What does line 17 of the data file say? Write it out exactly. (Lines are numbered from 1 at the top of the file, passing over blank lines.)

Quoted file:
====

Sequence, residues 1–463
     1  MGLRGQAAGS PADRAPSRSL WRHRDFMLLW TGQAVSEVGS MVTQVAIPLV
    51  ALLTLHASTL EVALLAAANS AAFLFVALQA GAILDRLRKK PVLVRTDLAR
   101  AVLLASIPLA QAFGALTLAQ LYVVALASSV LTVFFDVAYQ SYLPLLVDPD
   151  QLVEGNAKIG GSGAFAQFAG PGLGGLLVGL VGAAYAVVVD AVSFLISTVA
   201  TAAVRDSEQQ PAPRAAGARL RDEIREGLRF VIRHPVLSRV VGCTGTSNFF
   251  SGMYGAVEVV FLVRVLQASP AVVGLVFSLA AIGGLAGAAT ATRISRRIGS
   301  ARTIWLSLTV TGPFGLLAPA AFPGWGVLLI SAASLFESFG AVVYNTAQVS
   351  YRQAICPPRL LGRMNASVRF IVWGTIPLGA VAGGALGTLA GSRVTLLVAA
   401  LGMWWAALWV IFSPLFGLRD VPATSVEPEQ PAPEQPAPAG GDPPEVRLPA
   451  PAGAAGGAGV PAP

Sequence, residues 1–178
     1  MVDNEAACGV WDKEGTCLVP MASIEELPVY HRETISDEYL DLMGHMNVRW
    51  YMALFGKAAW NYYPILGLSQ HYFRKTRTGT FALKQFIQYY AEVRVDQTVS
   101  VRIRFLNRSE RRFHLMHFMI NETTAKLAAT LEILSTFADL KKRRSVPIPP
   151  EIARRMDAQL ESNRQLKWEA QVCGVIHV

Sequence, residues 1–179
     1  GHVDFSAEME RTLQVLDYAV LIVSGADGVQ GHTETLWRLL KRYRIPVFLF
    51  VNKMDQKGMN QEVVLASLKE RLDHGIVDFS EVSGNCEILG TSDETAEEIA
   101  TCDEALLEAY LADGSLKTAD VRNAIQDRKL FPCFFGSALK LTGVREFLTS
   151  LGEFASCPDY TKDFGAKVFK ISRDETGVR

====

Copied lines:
Sequence, residues 1–179